Imagine yourself among a group of Quaker families a century ago. They have gathered on a warm summer evening for a shared meal. The children are running around on the lawn as their mothers arrange food on a long table on the porch. After the meal, they do what people did a century ago–the adults sit together and talk, sharing the news, while the children continue playing as dusk falls.
Then, gradually the talking slows and stops. Without intending it, the group simply grows quiet, and sits in silence together. The Friends recognize this is worship, this is an opportunity, an opening to God. Perhaps someone speaks from the silence; perhaps not. At some point, people begin to stir in their chairs and look at each other. “Yes,” their eyes say, “we moved unexpectedly into worship.”
Today Quakers don’t use the word opportunity in the same way, and they don’t usually enter into silent worship on social occasions. That doesn’t mean, however, that spiritual opportunities are missing from Quaker lives or from any of our lives.
A spiritual opportunity is an opening, an invitation from God that sneaks up on us. It’s not planned or pre-programmed. There is something surprising and unexpected about the experience. Something deep within us shifts. We may not even name it as ‘holy,’ but we know something has happened, something that is beyond our understanding.
When a spiritual opportunity comes to us, we are confronted anew by the mystery of God’s presence around us and within us, both fresh and familiar. We may be subtly quieted and comforted. We may feel a challenge to new growth in our lives, an invitation to stretch ourselves. Always, the spiritual opportunity comes bearing love, strengthening us to give love to others.
A month ago I was standing in the middle of a huge Iowa cornfield that stretched out almost to the horizon. I had gathered with other family members to visit the place where my brother-in-law Dale tragically died when his single-engine airplane crashed and burned. (See God Done Good post.) We were trying to understand, if we could, what went wrong.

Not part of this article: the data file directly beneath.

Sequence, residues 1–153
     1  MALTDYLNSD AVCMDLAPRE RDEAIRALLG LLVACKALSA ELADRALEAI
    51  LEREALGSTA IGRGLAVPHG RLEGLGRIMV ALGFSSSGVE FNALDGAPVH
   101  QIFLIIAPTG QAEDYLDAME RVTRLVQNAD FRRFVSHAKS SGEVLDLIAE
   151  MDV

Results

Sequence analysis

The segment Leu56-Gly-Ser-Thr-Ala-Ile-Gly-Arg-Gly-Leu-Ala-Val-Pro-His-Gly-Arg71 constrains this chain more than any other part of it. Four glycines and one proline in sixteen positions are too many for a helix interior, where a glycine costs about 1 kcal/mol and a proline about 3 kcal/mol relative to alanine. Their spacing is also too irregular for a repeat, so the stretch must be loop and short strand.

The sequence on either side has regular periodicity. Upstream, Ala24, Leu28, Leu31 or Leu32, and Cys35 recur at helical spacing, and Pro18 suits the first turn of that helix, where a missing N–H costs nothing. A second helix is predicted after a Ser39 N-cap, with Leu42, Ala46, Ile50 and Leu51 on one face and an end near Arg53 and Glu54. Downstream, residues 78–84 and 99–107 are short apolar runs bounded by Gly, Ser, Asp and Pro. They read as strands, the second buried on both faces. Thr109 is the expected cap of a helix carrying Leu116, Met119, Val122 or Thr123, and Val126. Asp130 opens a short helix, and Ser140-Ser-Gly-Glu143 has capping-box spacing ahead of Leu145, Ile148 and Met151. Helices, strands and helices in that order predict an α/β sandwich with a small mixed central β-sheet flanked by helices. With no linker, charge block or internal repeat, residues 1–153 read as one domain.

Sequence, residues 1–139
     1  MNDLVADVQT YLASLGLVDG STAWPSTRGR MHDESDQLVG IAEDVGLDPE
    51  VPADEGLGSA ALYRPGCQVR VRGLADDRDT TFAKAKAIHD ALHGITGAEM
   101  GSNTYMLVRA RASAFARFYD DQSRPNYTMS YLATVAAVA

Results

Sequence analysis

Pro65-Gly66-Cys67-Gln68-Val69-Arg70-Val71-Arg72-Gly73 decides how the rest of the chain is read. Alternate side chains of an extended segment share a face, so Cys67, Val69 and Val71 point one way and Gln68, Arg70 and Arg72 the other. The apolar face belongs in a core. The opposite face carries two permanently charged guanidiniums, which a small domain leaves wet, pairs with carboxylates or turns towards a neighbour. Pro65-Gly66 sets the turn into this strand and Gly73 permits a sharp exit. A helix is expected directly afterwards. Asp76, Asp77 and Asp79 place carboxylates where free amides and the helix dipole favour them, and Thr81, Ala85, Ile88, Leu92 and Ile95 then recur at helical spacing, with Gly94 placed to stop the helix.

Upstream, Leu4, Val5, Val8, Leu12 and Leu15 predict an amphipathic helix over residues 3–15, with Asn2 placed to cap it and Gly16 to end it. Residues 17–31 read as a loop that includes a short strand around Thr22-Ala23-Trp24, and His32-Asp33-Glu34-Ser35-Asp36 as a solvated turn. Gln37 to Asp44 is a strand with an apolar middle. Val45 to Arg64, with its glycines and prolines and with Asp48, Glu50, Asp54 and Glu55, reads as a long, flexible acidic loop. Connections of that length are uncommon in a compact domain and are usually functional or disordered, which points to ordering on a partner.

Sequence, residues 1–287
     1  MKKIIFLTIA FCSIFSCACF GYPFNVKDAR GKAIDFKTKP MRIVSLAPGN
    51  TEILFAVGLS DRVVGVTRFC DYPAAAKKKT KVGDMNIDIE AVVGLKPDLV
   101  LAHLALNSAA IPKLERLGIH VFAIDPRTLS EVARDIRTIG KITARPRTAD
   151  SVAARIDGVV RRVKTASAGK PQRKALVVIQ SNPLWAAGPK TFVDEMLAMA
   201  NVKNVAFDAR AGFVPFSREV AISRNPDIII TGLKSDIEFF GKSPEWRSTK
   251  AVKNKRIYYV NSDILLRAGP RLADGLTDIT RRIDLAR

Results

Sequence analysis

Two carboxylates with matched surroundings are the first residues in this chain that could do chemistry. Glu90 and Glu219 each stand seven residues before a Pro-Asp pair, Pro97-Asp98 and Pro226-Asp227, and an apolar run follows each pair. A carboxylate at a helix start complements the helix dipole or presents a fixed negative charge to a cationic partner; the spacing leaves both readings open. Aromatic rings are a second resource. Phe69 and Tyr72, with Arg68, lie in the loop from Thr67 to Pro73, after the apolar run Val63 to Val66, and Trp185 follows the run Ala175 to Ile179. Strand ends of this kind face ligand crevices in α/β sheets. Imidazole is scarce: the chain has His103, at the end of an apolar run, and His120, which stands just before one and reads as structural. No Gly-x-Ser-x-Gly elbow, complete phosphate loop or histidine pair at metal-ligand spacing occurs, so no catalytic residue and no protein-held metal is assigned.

While the accident site helped us understand a little how it happened, what was truly important was the unexpected opportunity that appeared. As we walked through the knee-high corn stalks to the blackened circle where few stalks appeared, we began seeing small fragments on the ground. A two inch square of blue metal, a long curved wire, a blackened metal coil, and some shards of glass. We slowed our steps and spoke in low voices. Tears came. This, here, was where it happened. We picked up pieces tenderly; we held them reverently and silently.
Here, where our feet were planted in rich Iowa dirt, the Sacred Presence surprised us with a far deeper experience than we had expected. We were on holy ground. My daughter Diana Bieber Locke wrote about it later in a poem addressing her uncle Dale:
We gather together what is left for us to gather These things you touched. . . We are here, I tell you With every thing we find and hold and bless We are here We are holding your hand We are washing your feet We are smoothing your hair We are closing your eyes We are saying I love you We are here
We felt a close presence, a giving and receiving of love, and we were comforted. Such unanticipated Spirit-given experiences come as they will, and we simply receive them. In the cornfield, we had no ritual of worship, no spoken prayer to honor the sacred space, but we acknowledged it with every slowed step and quiet voice. The unexpected gift of an opportunity created a temple in the middle of a cornfield, a sacramental opening out of scraps of metal and glass. In the midst of grief and painful love, God was present.
Early Quakers entered into silent worship while sitting around talking about everyday matters. We went to the field to solve a puzzle, and we experienced the Mystery beyond knowing. We were indeed blessed.